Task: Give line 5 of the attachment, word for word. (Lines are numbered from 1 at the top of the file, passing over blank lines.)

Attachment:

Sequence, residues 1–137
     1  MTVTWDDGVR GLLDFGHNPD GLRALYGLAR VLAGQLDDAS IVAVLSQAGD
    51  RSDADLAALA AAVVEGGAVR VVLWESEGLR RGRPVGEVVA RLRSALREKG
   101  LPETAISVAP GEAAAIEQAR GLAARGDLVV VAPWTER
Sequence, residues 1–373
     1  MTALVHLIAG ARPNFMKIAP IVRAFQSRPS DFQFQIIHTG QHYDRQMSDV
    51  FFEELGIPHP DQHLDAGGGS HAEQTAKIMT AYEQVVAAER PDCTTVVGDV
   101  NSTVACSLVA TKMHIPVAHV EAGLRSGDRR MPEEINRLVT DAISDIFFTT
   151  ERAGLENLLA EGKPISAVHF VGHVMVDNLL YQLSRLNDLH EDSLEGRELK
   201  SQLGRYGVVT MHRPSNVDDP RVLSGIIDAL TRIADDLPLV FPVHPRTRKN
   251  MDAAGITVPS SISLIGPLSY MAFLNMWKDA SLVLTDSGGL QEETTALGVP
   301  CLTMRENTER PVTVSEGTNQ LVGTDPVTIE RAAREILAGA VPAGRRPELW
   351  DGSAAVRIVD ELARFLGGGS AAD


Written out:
Sequence, residues 1–373